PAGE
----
There's numerous areas that came up short for the Tigers this season; all of which could arguably be deemed the main culprit. Refusing to learn from seasons past the Tigers failed to address their perennial Achilles heel: the bullpen. The construction of their bench once again lacked a certain punch that you often see in a legit contender as well. And to an extent, I suppose you could point a finger at their BAND-AID patchwork to their rotation as well. Aside from David Price, the Tigers put all their chips in the center of the table, betting on the resurgence of Justin Verlander, and the oft-injured Anibal Sanchez. Perhaps even more delusional, they were counting on solid contribution from Shane Green, who was due for regression after last season's breakout year and Alfredo Simon, who's production significantly tailed off following the All-Star break last year. With that being said, not to take the cheap way out, but I don't really think it was any isolated incident, but more of a culmination of those three huge mistakes. Then when you factor in the injuries of Miguel Cabrera, Victor Martinez, Justin Verlander and perhaps the biggest loss: Joe Nathan (ok that last name is a joke). But when you add the injuries to the poor roster construction that I listed above, it's a solid recipe for what Tigers fans observed this year; one helluva tough team to watch.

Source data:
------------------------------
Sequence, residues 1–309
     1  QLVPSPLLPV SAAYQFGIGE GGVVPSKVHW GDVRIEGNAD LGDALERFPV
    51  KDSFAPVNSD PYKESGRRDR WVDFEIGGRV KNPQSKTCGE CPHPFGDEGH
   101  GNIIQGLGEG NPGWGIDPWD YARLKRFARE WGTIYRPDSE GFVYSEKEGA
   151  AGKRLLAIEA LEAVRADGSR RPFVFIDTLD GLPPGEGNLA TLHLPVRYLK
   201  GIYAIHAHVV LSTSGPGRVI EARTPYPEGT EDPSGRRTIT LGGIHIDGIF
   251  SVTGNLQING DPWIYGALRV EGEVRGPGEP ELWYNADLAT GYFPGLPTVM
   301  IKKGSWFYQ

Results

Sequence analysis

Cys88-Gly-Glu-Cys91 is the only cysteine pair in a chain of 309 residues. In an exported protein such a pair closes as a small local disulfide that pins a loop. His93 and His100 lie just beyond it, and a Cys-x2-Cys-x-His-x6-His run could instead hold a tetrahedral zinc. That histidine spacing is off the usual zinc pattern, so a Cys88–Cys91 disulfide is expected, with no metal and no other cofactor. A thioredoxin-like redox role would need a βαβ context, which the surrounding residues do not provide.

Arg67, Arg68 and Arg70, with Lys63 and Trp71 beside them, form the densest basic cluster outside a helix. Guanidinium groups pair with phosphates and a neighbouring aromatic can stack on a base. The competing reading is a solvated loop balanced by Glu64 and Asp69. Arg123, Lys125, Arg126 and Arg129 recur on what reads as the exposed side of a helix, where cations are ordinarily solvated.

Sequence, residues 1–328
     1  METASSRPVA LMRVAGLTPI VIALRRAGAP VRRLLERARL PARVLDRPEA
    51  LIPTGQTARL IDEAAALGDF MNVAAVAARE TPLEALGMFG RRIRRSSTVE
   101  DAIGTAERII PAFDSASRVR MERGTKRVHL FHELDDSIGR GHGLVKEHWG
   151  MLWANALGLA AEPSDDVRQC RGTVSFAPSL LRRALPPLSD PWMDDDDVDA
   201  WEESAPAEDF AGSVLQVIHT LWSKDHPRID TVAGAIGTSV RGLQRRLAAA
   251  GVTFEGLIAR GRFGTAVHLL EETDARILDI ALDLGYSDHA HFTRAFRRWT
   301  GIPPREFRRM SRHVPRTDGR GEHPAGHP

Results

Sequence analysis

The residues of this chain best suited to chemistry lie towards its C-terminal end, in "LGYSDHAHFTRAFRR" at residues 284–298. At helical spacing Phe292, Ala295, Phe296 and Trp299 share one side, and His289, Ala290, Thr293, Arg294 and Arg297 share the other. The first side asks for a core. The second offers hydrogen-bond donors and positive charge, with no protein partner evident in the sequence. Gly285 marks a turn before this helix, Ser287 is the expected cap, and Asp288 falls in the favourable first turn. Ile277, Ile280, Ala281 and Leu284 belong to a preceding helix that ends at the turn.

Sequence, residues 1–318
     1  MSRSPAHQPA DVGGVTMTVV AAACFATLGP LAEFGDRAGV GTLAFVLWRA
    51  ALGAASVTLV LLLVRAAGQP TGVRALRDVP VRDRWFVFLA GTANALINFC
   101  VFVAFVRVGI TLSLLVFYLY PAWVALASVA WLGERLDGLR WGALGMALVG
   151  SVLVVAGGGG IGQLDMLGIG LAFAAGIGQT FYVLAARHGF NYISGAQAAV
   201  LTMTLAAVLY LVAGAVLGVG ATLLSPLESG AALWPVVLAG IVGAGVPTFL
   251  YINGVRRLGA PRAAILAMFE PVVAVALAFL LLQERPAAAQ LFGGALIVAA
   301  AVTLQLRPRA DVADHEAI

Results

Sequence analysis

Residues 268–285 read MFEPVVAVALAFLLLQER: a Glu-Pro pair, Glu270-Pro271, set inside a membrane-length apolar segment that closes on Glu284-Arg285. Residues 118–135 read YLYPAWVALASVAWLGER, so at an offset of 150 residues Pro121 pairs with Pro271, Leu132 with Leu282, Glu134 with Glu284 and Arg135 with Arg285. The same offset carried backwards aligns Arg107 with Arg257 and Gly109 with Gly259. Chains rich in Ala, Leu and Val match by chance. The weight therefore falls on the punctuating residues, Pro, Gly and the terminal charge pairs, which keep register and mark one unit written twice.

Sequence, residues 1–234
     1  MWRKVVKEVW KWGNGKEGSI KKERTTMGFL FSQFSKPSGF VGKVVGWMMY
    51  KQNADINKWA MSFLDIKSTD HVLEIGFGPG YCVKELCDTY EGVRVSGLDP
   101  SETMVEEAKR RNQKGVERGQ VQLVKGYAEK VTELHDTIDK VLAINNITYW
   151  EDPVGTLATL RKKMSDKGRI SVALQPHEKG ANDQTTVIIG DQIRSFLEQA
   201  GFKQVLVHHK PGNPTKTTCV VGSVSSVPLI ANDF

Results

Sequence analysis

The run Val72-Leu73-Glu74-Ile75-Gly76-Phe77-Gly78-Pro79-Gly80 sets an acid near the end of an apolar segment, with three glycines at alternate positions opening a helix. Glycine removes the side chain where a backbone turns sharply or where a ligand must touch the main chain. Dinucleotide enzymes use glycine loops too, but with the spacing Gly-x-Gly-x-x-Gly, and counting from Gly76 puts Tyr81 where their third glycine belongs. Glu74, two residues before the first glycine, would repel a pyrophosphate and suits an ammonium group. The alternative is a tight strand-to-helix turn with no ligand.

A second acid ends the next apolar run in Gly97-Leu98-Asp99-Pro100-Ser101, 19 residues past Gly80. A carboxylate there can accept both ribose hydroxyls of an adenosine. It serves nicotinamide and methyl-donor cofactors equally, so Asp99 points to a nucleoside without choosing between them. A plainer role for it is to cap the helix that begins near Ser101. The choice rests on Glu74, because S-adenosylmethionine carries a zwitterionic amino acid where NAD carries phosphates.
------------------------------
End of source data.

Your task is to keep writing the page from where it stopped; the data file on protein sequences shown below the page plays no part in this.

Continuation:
Chris Brown, Staff Writer
When commercial airplanes crash, it's almost always the result of a concatenation of a dozen small malfunctions, rather than any one glaring problem. The same holds true for the swift decline of the Tigers. A dozen bouts of turbulence, each manageable on their own, have combined to send the team careening into the side of a mountain. The team's horrible pitching has been its biggest downfall, so the obvious answer for this year's failure would be the inability to re-sign Max Scherzer, but that doesn't seem quite fair because the root of that extends back to Justin Verlander's expensive extension a few years ago. So I'm going to go with the trade of Robbie Ray for Shane Greene. It was a move few fans disliked at the time, and it may still work out for the Tigers, but it's hard not to be frustrated when Greene's collapse has coincided with Ray seemingly developing into a quality pitcher for the Diamondbacks. It may not have made a difference, but perhaps Ray would have contributed a few more wins than Greene, giving the team a reason to keep David Price, make a run for the playoffs, and perhaps keep their general manager.
John Moore, Associate Scout
There are many moves you could point to that helped push the 2015 Tigers to where they are today. If I was forced to say one move I would have to say it was their lack of bullpen free agent signings last offseason. I know that one free agent reliever signing wouldn’t erase the large difference between them and Kansas City right now (not a single player in the history of baseball has been that good), but the idea that the bullpen has been a legitimate issue for a while now (as we saw that once again last October against Baltimore in the ALDS) and all they did last offseason in the free agent market was sign Tom Gorzelanny (who probably won't be around much longer) and Joba Chamberlain (not even in the organization anymore). I would’ve just liked to see them sign a big time free agent like Andrew Miller (who they were very close to landing before he signed with New York) or David Robertson (who they were also linked to early in the offseason). As a result of their inability to fix their bullpen problem, it has once again been one of the worst bullpens in all of baseball.